Conference Agenda

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Session Overview
RN10_03b: Gender and education
Wednesday, 21/Aug/2019:
4:00pm - 5:30pm

Session Chair: Mieke Van Houtte, Ghent University
Location: UP.3.211
University of Manchester Building: University Place, Third Floor Oxford Road

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Gendered Universities and Work-life Balance Strategies. A Study Case in a University in Spain

Alícia Villar Aguilés1, Sandra Obiol Francés2

1University of Valencia, Spain; 2University of Valencia, Spain

This work gathers the results of a line of research that we are developing on strategies and policies of work-life balance at university from a combined quantitative and qualitative methodology. In this communication we present a part of the results through a qualitative analysis of the discourses collected by in-depth interviews with scholars making use of the sociological concept of symbolic violence, to understand how intermingle and carry out academic times and care times. The people interviewed relate their times as interwoven between the personal, the familiar and the professional, often highlight the professional first. It is a profession that requires a lot of dedication in an academic career increasingly endowed with competitiveness and indicators of quality measurement, where social conditions are not considered or unequal starting positions; a scenario that we analyse through the notion of accountability linked to the prevailing meritocratic model. The spreading of the accountability model promotes and demands an accelerated pace that is characterizing the current university as accelerated, both in the preparation and realization of teaching and, in particular, in research production. In this sense, we wonder if this model can be interpreted as a generator of symbolic violence.

“Why Do Girls Shoot Higher Than Boys?”: Individual And Country-level Predictors Of The Reversed Gender Gap In Educational Expectations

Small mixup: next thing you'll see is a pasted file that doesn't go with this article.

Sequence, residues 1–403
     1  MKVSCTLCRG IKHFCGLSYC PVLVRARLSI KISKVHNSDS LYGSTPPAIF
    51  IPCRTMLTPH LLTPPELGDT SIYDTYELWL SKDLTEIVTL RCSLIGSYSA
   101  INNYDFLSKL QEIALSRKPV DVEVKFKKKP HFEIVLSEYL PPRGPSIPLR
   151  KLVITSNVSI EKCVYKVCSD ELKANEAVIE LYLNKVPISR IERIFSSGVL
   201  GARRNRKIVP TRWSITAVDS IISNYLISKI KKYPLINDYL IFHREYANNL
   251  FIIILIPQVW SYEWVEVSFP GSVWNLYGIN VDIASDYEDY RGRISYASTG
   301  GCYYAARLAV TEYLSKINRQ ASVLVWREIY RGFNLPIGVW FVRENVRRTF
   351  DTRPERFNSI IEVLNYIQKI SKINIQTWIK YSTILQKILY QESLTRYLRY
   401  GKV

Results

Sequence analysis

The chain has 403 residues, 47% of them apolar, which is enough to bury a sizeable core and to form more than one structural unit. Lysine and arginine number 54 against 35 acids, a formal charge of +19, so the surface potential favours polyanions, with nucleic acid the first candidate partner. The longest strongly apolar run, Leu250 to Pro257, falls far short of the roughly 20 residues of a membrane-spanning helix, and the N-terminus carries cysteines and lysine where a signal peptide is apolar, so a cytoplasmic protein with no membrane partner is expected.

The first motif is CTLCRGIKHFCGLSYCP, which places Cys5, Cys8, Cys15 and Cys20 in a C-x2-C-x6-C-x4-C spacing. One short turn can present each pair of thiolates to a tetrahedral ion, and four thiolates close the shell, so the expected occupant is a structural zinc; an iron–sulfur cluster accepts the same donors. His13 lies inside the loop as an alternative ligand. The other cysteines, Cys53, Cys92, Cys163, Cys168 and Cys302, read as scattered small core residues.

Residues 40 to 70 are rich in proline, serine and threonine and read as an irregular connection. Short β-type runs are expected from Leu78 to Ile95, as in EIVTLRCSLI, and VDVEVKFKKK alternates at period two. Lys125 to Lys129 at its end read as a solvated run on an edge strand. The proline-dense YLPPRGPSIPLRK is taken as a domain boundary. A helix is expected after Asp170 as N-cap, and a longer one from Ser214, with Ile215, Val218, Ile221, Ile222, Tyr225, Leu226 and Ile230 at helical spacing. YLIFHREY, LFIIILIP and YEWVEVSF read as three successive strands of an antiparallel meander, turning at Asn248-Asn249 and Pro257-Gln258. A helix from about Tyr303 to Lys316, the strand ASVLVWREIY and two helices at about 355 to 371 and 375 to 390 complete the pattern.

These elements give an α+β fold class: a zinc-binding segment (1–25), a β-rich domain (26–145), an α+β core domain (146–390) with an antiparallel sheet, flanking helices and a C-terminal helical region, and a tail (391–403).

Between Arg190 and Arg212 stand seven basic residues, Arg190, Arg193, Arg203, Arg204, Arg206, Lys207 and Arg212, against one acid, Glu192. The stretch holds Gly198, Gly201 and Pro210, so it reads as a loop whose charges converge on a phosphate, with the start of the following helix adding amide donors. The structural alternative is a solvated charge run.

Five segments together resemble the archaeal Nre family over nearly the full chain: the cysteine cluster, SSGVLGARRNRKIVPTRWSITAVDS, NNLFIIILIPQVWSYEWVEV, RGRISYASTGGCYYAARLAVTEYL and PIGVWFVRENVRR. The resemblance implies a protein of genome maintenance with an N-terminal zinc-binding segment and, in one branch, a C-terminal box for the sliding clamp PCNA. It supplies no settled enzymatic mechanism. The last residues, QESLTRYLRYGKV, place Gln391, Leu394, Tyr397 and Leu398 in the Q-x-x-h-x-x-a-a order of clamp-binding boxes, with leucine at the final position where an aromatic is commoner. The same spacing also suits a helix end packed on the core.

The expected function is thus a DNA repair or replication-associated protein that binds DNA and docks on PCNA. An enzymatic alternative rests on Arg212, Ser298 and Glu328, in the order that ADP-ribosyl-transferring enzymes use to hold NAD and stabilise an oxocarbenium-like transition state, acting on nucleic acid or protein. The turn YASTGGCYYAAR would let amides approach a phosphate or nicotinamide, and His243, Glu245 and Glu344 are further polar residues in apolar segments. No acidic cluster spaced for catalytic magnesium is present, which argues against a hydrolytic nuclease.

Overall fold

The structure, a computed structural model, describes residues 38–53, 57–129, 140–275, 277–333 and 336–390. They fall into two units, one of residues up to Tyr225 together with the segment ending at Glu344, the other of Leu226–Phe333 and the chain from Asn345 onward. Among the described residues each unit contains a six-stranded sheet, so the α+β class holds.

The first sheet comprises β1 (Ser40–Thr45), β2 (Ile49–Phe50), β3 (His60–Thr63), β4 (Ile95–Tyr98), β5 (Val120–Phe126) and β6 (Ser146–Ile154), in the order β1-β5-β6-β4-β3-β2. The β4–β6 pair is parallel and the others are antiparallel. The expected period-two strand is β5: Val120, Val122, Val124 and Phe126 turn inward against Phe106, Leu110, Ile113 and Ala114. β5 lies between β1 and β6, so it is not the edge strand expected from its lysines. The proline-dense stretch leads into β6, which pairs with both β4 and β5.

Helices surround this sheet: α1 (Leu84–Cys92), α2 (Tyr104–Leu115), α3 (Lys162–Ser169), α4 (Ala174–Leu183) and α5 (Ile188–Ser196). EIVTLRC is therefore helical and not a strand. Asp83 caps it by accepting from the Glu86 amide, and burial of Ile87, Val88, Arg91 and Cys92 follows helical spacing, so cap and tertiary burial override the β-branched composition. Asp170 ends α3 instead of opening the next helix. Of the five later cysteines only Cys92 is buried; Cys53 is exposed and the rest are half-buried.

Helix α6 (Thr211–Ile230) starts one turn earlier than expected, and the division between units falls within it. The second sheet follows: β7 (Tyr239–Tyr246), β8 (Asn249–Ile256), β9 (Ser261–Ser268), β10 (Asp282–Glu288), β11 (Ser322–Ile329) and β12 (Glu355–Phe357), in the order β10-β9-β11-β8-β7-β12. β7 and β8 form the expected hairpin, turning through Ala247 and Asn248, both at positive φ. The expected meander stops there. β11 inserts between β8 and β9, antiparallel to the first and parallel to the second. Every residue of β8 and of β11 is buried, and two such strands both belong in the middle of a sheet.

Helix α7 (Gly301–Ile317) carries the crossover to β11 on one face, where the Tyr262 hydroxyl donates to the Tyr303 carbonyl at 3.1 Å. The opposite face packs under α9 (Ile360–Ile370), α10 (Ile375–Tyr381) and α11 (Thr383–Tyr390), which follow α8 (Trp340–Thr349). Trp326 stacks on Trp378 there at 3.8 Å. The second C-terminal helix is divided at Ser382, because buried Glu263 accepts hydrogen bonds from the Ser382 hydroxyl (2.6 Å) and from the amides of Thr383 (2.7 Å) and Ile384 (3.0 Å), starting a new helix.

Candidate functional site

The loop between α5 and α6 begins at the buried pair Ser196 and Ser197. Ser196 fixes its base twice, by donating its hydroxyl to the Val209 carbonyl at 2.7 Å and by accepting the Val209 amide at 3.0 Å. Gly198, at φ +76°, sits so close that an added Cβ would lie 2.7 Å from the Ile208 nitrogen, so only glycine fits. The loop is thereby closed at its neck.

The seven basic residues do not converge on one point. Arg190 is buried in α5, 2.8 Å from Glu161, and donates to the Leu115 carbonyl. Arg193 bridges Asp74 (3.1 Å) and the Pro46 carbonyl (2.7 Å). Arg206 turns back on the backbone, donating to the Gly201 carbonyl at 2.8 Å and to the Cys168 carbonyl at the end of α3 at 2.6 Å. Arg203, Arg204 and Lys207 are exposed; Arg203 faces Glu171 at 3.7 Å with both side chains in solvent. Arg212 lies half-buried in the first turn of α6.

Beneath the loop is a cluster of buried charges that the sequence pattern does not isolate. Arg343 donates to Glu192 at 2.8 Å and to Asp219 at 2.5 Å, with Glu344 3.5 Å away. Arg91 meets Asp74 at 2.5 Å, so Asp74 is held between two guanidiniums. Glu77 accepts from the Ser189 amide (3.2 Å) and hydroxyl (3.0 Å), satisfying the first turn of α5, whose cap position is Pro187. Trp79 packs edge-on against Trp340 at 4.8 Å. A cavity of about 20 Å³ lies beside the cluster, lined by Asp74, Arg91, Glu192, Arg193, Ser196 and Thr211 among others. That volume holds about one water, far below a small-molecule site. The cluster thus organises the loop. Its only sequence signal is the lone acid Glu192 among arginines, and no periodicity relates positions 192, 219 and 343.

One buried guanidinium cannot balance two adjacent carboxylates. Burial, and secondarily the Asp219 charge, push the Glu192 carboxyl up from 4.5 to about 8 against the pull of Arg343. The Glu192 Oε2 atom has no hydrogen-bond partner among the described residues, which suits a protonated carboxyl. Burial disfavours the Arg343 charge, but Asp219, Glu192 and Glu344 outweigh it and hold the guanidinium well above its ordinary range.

Francisco Olivos

The Chinese University of Hong Kong, Hong Kong S.A.R. (China)

Cross-national studies have shown consistently that girls have higher educational expectations than boys. The literature has provided macro and micro level explanations for this phenomenon. Country-level indicators such as gender equity and the rate of female enrollment in tertiary education have been significant predictors of a pro-girls gap. On the other hand, regarding individual-level determinants, psychosocial studies have found a significant mediation of gender attitudes on the formation of educational expectations for girls. However, the interplay of macro and micro variables has not been addressed. By using data from the second wave of the International Civic and Citizenship Study 2016 (N= 86,803) of eighth and ninth graders from 22 countries, this study aims to understand why girls have higher expectations for completing college than boys, considering the interplay of micro and macro-level predictors. The results indicate that girls are more likely than boys to hold expectations for completing tertiary education. Mediation analysis suggests that an important proportion of this effect is mediated by individual gender attitudes (69%). Contrary to the literature, gender equity at country-level reduces the pro-girls gender gap. Moreover, the interaction between individual gender attitudes and structural conditions suggests that, in countries with a higher level of gender inequality, girls have higher expectations than boys independently of individual gender attitudes. However, in more egalitarian countries, girls will have higher expectations than boy only when they hold pro-woman gender attitudes. Additionally, this analysis addresses issues of small samples of countries in multilevel modeling overlooked by previous studies. The study of the reversed gender gap in educational expectations will shed lights on fields where pro-male differences remain.